Published August 27, 2013
MIAMI – Another training camp practice had just ended, and Miami Dolphins quarterback Ryan Tannehill walked toward a lectern to field the latest round of media queries.
"Is this going to be good?" someone asked as Tannehill approached a cluster of microphones.
"It's going to be great," Tannehill answered with a smile, emphasizing the last word. "Real exciting."
Instead, the interview session was predictably humdrum. Tannehill and the Dolphins are saving any excitement for the season.
After four consecutive losing years, the franchise's longest such skid since the 1960s, the Dolphins should be more fun to watch in 2013. They upgraded their unimposing corps of receivers by acquiring Mike Wallace and Brandon Gibson, and an already formidable defensive front seven became faster and younger with the additions of linebackers Philip Wheeler, Dannell Ellerbe and Dion Jordan, the No. 3 overall draft pick. But an unsettled offensive line raises questions about the Dolphins' ability to run and protect Tannehill, which means they may again have trouble moving the ball.
Last year Miami lost five games by a touchdown or less, scoring 21 points or less in all of them, en route to a 7-9 finish. A succession of low-scoring games is again likely in 2013.
Here are five things to watch as the Dolphins try to win the close ones:
TANNEHILL'S TARGETS: The quarterback threw for 3,294 yards last year — more than fellow rookies Robert Griffin III or Russell Wilson — but totaled just 12 touchdown passes, including only three to wideouts. So Miami upgraded the pass-catching corps by acquiring Wallace and Gibson to join holdover Brian Hartline. Wallace ranks among the NFL's fastest players and totaled 32 touchdown catches in four years with the Pittsburgh Steelers, and he gives Tannehill the deep threat he lacked last year when the Dolphins ranked 27th in total yards. New TE Dustin Keller's season-ending knee injury eliminates one important potential pass target, and Miami is now expected to use a lot of three-wide formations.
TACKLE TO TACKLE IMPROVEMENT? Blocking has been inconsistent the past several seasons and remains the biggest question mark for second-year head coach Joe Philbin, who coached the offensive line as an NFL assistant. Second-year pro Jonathan Martin has moved from right tackle to left tackle and must prove he's a worthy replacement for the departed Jake Long. There's little depth behind Martin, and the starting job at right guard went unclaimed during training camp. Running backs Lamar Miller and Daniel Thomas both started slowly this summer in their competition to replace Reggie Bush, and Miami might not muster the kind of ground game that would take pressure off Tannehill.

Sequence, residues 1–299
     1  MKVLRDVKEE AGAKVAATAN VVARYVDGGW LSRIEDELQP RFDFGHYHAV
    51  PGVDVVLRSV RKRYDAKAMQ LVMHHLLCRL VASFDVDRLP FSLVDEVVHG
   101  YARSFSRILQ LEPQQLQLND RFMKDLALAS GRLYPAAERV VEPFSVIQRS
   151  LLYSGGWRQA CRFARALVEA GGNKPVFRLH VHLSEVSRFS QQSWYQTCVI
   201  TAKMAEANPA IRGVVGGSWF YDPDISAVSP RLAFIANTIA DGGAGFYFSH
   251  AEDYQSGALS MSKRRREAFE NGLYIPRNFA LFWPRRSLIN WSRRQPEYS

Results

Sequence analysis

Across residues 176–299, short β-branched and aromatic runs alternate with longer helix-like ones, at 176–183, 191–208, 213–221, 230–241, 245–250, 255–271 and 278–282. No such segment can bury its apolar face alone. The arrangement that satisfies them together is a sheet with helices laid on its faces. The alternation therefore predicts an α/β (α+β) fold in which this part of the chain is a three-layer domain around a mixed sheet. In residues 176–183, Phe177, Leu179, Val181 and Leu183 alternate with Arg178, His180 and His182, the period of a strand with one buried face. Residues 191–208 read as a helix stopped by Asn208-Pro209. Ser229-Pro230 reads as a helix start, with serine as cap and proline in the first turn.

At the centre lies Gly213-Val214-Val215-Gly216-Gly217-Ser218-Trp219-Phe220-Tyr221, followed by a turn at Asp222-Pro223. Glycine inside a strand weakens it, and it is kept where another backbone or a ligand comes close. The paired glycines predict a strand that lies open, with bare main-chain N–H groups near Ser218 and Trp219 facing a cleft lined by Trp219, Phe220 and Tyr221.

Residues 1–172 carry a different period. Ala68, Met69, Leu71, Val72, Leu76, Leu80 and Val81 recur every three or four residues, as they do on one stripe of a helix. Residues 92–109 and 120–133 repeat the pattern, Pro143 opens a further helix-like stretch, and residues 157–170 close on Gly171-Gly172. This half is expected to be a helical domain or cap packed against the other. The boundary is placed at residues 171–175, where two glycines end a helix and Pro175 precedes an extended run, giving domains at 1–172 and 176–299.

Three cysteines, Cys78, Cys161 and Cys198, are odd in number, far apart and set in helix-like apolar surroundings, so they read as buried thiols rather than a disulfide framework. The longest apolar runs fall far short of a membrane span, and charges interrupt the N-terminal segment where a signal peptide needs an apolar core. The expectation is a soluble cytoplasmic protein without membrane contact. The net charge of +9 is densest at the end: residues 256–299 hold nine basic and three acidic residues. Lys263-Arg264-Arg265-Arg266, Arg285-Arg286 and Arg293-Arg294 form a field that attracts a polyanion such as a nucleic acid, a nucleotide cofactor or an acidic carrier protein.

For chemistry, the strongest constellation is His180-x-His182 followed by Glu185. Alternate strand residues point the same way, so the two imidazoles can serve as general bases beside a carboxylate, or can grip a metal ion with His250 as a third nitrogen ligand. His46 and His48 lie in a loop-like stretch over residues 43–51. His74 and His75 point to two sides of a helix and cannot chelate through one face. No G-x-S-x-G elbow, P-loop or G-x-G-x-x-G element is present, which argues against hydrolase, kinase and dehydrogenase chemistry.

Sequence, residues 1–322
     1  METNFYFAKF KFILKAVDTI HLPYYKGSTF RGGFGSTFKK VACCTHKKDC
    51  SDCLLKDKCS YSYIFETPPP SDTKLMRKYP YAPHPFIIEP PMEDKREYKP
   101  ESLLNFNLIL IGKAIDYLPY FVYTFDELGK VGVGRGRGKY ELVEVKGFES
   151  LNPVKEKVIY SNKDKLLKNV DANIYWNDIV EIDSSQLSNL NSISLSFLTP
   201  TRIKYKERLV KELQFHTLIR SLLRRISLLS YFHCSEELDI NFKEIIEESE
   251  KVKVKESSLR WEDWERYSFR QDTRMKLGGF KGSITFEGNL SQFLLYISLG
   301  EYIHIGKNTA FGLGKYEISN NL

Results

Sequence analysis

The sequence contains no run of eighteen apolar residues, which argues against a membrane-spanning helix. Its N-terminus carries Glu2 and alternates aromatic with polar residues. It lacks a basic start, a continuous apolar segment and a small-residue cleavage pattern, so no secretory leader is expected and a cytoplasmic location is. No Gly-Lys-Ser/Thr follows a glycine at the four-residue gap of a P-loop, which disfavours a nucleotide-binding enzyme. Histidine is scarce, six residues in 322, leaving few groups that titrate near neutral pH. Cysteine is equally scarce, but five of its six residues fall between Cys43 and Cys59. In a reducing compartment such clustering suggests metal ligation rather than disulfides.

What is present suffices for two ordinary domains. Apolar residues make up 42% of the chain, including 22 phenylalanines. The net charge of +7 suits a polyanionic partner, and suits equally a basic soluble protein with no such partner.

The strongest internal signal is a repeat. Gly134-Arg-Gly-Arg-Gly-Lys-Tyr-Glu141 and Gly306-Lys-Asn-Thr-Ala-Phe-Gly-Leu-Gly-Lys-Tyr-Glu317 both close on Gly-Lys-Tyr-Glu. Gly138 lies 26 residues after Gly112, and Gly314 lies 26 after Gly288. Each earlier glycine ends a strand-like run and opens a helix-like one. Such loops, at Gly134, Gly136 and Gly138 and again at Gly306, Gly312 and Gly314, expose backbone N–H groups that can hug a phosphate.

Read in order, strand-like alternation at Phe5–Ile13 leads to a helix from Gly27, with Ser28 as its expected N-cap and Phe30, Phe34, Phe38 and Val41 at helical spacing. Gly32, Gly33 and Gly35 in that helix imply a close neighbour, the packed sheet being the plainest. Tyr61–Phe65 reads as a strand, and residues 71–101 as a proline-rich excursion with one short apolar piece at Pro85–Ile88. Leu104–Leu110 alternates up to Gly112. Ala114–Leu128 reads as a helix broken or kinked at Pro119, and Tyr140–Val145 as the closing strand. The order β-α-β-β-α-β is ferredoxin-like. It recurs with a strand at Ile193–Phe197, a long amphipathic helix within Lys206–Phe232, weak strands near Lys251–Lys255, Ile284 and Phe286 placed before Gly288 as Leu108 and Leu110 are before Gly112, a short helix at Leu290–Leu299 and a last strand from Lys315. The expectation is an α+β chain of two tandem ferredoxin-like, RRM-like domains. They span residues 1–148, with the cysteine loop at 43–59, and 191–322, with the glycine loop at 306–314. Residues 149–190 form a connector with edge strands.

TAKEAWAYS WANTED: Miami tied for fourth-worst in the NFL in takeaways last year, and improving that ranking is Philbin's No. 1 priority. His staff hung footballs from the walls of defensive meeting rooms so players would become more accustomed to swiping at them. Three speedy newcomers — Philip Ellerbe, Dannell Wheeler and top draft pick Dion Jordan — are expected to make the defense more disruptive. New cornerback Brent Grimes has 13 career interceptions and won raves in camp for his ball-hawking skills.
DOMINATE DEFENSE UP FRONT: The front seven has the potential to control the line of scrimmage, with the charge being led by 340-pound nose tackle Paul Soliai and defensive end Cameron Wake, who has 43 sacks in four NFL seasons. The group is so stout Jordan will likely see only spot duty in passing situations even when he's fully recovered from shoulder surgery last winter.
IS STABILITY A GOOD THING? For the first time in the past three offseasons, the Dolphins conducted no head-coaching search. The quarterback situation is also settled for a change, with Tannehill returning after he became the first Dolphins rookie QB to start all 16 games. And much-maligned Jeff Ireland is back for a sixth season as general manager. Owner Stephen Ross endorsed all three and said the emphasis is on long-term success for a franchise that hasn't won a postseason game since 2000. "We certainly want to make the playoffs," Ross said. "But I want to see growth in the team in building the foundation for this season and future seasons. I don't want to be a one-shot wonder."
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